Therefore it described the concept in six Building Blocks

inspired by the Dutch best practices. Each of these

Building Blocks provides a solution to overcome the

potential barriers when implementing BiTiBi services.

The potential barriers and the Building Block solutions

are provided in the following table.

Furthermore, BiTiBi services provide:

• less pollution from pollutants like fine dust

(PM) and nitrogen dioxide (NOx)

• more liveable cities

• healthier citizens

• a cheaper public transport system

Following a hypothetical scenario, with 20% of all

commuters travelling to the train station by bicycle,

Europe would witness/ benefit from/ realise:

• 250 million more railway users

• 5,000 million less car pkms

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Besides describing the six Building Blocks in guidelines,

the project also tested the BiTiBi concept in four pilot

locations in the UK, Belgium, Spain and in Italy to

evaluate the replicability of the concept.

In Belgium and UK, the pilot projects concentrated

on shared bicycles, witnessing an increase in shared

bicycle usage 2 to 5 times from 2014 to 2017.

In the Barcelona area in Spain, tests making public

bicycles available for commuters have been done.

In the Milan area in Italy, the local infrastructure provider

started a BiTiBi strategy and implemented bicycle

parkings at 20 railway stations with plans to continue

expanding the service.

Based on these pilots, best practices, inspiring

examples, and main conclusions to ease starting up

BiTiBi services have been derived. The BiTiBi guidelines

and the inspiring examples have been put together in

the BiTiBi guidelines.

Here are the main conclusions to set up successfully

BiTiBi services.

For railway operators

1. Build partnership between local, regional,

national authorities, and railway operators.

Partnerships are crucial to remove two important

barriers, financing the facilities and provision of safe

and direct cycle routes towards the railway station.

2. Provide bike parking (safe and sheltered)

before investing in bike share systems. The largest

societal gains are provided by bike parking compared

to shared bicycles as the investment is quite low and

the usage is high.

3. Provide shared bicycles as a “value adding

service” to your customers. Do this once potential users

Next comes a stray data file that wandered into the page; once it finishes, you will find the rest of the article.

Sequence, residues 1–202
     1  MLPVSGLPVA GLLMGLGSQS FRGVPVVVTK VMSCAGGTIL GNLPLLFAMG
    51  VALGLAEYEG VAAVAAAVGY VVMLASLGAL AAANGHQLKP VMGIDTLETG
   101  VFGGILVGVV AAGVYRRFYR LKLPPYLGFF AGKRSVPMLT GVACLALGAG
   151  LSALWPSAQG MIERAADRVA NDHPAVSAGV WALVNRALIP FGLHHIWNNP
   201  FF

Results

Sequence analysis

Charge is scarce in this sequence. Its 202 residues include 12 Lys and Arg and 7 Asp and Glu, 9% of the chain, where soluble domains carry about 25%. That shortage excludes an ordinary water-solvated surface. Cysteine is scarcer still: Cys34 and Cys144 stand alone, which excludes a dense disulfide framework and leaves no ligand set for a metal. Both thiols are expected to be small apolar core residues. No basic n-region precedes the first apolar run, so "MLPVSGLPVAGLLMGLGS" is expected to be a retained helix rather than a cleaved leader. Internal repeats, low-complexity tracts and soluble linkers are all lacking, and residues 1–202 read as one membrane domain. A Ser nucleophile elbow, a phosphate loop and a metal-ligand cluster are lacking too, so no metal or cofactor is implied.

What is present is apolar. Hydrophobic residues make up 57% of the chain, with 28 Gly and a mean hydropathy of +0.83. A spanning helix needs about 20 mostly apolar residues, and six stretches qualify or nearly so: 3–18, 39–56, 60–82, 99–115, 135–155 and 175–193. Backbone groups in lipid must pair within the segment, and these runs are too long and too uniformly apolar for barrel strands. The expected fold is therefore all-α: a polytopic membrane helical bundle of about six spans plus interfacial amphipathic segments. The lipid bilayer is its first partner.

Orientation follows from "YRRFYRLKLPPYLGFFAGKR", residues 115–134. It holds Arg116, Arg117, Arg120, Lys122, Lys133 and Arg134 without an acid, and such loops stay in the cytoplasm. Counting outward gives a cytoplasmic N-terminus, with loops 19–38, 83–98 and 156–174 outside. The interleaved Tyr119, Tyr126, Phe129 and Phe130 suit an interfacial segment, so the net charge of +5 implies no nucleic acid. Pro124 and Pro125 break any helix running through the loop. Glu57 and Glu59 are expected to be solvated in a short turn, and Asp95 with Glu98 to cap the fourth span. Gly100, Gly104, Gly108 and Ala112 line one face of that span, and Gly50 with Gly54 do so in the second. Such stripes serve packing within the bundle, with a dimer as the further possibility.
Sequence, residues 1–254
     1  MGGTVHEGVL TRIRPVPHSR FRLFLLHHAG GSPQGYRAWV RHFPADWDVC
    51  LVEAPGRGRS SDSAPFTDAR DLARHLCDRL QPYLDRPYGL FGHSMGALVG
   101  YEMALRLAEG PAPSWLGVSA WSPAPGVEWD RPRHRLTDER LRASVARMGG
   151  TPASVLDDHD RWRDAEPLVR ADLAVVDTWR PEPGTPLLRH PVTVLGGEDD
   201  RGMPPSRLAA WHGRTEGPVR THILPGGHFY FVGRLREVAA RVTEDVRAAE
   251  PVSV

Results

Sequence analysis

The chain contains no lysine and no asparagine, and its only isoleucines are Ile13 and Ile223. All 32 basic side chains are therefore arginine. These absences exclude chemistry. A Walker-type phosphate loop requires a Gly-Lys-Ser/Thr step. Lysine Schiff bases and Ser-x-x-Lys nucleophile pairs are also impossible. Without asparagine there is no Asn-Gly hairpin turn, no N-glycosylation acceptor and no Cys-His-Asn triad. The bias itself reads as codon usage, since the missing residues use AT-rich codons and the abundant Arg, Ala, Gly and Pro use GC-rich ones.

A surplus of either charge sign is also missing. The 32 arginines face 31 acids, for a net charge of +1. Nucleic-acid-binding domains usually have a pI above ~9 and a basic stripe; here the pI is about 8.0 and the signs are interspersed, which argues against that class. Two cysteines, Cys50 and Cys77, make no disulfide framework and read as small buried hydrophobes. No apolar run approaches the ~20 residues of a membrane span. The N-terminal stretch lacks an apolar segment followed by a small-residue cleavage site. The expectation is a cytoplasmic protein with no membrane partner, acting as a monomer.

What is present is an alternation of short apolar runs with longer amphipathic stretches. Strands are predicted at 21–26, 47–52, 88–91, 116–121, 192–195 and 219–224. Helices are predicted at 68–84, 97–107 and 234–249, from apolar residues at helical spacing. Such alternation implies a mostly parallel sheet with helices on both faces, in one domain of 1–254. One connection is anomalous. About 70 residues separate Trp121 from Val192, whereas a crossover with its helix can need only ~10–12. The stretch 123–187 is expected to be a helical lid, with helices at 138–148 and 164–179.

are familiar with the use of bicycles in combination with

the train.

4. Communicate in an attractive way with your

target groups.

Put the emphasis on the themes of easy, fast, and cool.

5. Integrate your BiTiBi services into one

seamless service.

6. Free bicycle in train transport if you have

excess capacity. The Danish State Railways provide

bicycle transport for free in their urban Copenhagen

trains. This is a beneficial operation as excess capacity

was available in their trains.

For local authorities

1. Build partnerships with railway operators on

financing and BiTiBi service provision.

2. Provide high quality cycle routes around and

towards railway stations.

3. Communicate about the BiTiBi service as an

easy, cool, and fast transport service.

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1. SEAMLESS BIKE TRAIN BIKE

SERVICES FOR AN ENERGY

EFFICIENT EUROPE

1.1 Combining energy efficient

modes for energy efficiency and

so much more

The main aim of the BiTiBi project is reducing energy

use and climate emissions of our transport system.

Nothing seems so straightforward for doing this as

combining the most energy efficient transport modes

available.

• The bicycle is by far the most energy efficient

transport for short distances.

• The train, especially the low speed train, is the

most efficient transport mode for longer distances.

Figure 1: Illustration of the BiTiBi concept

By combining both modes into a seamless BiTiBi

service, society gets a new energy efficient door -todoor

transport mode. BiTiBi services replace less

energy efficient transport like car and bus as illustrated